I have known and seen the difficulty of keeping small children in school where the place of instruction is so near their mothers fire-side; and have seen with gratitude the decision and perseverance of the parents in this respect. If the scholars have not improvement the past season the defect has not been found in the irregularity of their attendance, our want of delegated authority of the teacher, for she had the unlimited control of her pupils without any of that complaining when a child has been corrected, which is so often found in common schools in our country.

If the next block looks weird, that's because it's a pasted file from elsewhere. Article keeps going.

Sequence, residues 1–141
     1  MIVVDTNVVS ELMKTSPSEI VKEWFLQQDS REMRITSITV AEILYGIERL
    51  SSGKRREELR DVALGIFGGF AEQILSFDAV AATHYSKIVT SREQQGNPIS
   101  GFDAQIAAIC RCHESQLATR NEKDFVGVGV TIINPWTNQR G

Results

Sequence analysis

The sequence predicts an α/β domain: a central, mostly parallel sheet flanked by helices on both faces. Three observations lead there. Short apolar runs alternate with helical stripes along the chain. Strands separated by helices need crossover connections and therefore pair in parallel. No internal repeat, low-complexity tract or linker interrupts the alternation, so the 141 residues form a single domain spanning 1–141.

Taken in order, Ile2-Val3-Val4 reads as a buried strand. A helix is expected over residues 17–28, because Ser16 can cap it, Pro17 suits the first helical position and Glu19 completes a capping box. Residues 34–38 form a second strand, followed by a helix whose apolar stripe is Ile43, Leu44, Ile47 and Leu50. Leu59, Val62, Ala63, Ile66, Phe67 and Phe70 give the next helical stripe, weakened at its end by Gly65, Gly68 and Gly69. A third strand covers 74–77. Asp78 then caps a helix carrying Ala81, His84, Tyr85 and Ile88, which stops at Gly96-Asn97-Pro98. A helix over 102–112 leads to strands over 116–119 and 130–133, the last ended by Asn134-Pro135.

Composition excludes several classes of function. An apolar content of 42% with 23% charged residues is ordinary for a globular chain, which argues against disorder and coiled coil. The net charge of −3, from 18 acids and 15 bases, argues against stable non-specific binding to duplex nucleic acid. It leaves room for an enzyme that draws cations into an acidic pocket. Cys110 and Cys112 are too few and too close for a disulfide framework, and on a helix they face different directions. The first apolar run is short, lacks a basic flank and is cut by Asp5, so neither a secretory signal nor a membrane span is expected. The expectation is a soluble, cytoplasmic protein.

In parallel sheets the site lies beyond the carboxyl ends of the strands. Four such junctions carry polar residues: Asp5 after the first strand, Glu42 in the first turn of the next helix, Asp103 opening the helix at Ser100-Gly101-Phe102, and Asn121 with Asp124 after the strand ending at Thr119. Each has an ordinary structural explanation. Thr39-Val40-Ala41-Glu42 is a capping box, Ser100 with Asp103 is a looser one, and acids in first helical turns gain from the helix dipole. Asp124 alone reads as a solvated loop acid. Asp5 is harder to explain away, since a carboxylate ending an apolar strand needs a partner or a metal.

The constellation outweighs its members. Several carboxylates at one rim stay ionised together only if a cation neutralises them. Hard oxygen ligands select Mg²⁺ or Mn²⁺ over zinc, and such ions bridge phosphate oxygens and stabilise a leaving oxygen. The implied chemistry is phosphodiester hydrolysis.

No person, who has not felt the responsibilities of having the care and instruction of children, can properly estimate parental authority and influence in aiding in the important work. When worn with the exhausting labor of teaching and when we see our efforts for the morals of the scholars defeated or counteracted by the example of wicked men around, how cheering and sustaining parental authority and influence, when exerted on the side of morals and religion.- On the other hand when we have labored to fix-moral principle-taught the children to think and act as the Bible directs, how does the blasting influence of parental example wither our hopes and labors when this example is contrary to the bible. While I feel and acknowledge my own defects in example I would invite the attention of parents and all who have the care of children to this subject. From the Bible we may learn what our example should be, but let us not for a moment forget that our example will effect children, and that while they slow to follow the good they are to perceive and practice the evil, for it is true of children that 'They are wise to do evil, but to do good they have no knowledge.'